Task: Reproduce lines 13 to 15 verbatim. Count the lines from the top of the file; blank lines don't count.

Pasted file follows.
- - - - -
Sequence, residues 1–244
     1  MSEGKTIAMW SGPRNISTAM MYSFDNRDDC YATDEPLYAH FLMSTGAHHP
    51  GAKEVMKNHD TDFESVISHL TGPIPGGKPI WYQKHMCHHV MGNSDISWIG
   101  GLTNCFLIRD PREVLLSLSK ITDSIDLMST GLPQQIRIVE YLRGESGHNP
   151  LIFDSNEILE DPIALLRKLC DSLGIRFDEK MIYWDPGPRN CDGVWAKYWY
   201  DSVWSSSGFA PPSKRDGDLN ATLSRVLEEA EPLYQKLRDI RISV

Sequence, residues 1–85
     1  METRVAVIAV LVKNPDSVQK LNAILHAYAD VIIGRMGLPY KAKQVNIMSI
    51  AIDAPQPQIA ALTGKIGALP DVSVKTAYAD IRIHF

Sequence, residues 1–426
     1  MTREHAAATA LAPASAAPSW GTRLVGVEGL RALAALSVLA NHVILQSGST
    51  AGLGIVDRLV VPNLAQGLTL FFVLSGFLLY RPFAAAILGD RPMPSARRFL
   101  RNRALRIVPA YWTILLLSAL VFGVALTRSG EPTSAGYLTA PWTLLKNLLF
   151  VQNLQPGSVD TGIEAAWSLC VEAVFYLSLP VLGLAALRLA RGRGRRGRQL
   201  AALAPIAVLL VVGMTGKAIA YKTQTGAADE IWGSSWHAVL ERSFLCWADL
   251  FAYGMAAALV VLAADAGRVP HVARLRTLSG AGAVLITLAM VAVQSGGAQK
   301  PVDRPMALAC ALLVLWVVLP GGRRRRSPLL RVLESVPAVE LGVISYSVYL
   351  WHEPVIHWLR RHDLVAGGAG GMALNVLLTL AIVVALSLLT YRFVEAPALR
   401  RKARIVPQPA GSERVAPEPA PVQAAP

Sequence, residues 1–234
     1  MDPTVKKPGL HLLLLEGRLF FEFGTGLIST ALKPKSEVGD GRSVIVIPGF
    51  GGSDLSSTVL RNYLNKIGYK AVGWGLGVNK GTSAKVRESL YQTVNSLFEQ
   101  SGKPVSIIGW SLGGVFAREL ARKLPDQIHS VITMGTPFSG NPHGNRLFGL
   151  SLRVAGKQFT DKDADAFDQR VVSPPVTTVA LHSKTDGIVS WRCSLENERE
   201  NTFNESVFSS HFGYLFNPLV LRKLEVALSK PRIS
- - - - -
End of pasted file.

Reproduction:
   101  RNRALRIVPA YWTILLLSAL VFGVALTRSG EPTSAGYLTA PWTLLKNLLF
   151  VQNLQPGSVD TGIEAAWSLC VEAVFYLSLP VLGLAALRLA RGRGRRGRQL
   201  AALAPIAVLL VVGMTGKAIA YKTQTGAADE IWGSSWHAVL ERSFLCWADL